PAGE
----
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Int'l Brotherhood of Elec. Workers v. Zoll





Appeal from the Circuit Court of Sangamon County; the Hon. James P. Fox, Judge, presiding.


The plaintiff, International Brotherhood of Electrical Workers (I.B.E.W.), Local No. 399, filed a small claims complaint against defendant Zoll, claiming an indebtedness of $637.80 for an assessment made against him as a member of plaintiff. The action was filed on July 5, 1984. On August 8, 1984, plaintiff filed a motion for summary judgment. After bench trial on August 15, 1984, the court ruled that the plaintiff had not met its burden of proof, inasmuch as (1) the assessment resulted from a disciplinary hearing of which the defendant had not received notice, and (2) plaintiff knew defendant had not received the notice at the time the disciplinary hearing was conducted, since the letter containing the notice had been sent by certified mail and returned to plaintiff marked "refused." The court dismissed the complaint. The plaintiff appeals from the judgment of the circuit court of Sangamon County.

The record indicates that on August 22, 1983, a written charge was preferred against the defendant within the union by Robert G. Wilson, Sr., a union member, alleging that defendant had been observed by Joe Brink, another union member, crossing a picket line and returning to work that date, in violation of article XXVII, section 1(17), of the union constitution; and that defendant had been two hours late for picket duty on August 21, 1983. On August 29, 1983, the union sent notice of the charges and a trial date of September 13, 1983; this notice, sent by certified mail, was returned to the union marked "refused." Nevertheless, the hearing was conducted in defendant's absence.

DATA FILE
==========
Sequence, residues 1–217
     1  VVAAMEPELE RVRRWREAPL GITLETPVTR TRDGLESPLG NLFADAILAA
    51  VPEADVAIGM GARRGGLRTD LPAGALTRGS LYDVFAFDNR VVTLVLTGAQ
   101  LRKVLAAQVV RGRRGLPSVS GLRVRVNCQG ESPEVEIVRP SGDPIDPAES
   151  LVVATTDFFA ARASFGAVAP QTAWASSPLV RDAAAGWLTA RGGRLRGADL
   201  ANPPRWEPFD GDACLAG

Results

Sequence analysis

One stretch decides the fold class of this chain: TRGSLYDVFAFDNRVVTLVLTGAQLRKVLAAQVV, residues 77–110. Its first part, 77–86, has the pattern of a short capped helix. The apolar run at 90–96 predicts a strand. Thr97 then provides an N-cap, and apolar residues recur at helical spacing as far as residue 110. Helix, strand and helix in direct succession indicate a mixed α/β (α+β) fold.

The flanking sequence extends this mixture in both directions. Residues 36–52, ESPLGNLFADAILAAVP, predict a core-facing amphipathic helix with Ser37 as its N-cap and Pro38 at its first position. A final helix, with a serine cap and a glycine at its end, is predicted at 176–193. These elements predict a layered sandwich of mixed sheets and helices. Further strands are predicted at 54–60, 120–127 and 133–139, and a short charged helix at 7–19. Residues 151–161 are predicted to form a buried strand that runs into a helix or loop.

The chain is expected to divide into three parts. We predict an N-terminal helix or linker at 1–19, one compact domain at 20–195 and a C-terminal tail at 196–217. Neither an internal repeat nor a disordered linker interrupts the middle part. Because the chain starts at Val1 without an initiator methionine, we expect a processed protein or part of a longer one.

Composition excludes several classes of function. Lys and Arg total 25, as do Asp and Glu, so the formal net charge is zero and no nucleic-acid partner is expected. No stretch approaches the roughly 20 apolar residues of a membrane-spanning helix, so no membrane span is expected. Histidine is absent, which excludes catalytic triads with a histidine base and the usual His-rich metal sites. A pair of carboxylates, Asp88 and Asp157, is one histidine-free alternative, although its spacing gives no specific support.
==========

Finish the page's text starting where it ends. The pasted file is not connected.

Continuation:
The record of the union disciplinary hearing shows that the chairman of the trial body stated:

"Also, show that Cletus A. Zoll was notified by certified letter of the charges pending against him, Certified Number 7436187, and this was returned to the Union office. Cletus A. Zoll refused to take receipt of the letter, and according to Article 27, Section 7, we will try him in absentia."

Article XXVII, section 2(7), of the union constitution provided:

"If the accused wilfully fails to stand trial — or attempts to evade trial — the trial board shall proceed to hear and determine the case just as though the accused were present." (I.B.E.W. Const., art. XXVII, sec. 2(7) (1983).)

As our decision herein turns on the lack of notice we need not discuss the fact that the union proceeded to hearing against defendant under that provision.

Article XXVII, section 1(17), of the union constitution, which defendant had been charged of violating, provided:

"Any member may be penalized for committing any one or more of the following offenses:

(17) Working for any individual or company declared in difficulty with a [local union] of the I.B.E.W., in accordance with this Constitution." (I.B.E.W. Const., art. XXVII, sec. 1(17) (1983).)

The record shows that Wilson appeared before the union trial board, and defendant did not. It is silent as to whether Brink was present for the disciplinary hearing. Wilson told the union trial board that defendant appeared to have worked for the picketed employer in 12-hour shifts on August 22 and 23, 1983. The trial board decided to assess defendant an amount equal to the amount of time he worked during the strike plus costs, $637.80, to be paid to the local union office within 45 days; and further suspended him from attending local union meetings or participating in local union affairs until April 1, 1986, and suspended him from holding any local union office until September 13, 1988.

On October 20, 1983, the union advised defendant of the trial board's decision by certified letter, which was returned to the union office marked "refused." A letter of April 17, 1984, the union advised defendant that if the assessment were not paid, the union would initiate legal proceedings. These proceedings were subsequently initiated.

At hearing below, the defendant testified that several weeks into a strike, it was announced on national television that the strike had been settled between the union and operating companies throughout the nation. He said that on that Monday morning, he proceeded to his work location, saw no pickets indicating continuance of a strike, and went in to work. When he left work that evening he saw no pickets. On the following day, he saw no evidence of pickets and again went to work. Defendant testified that he had never seen the letter the union purportedly sent to him notifying him to appear before a trial board. He testified that he had not previously seen the letters or the envelopes which had been returned to the union office marked ...

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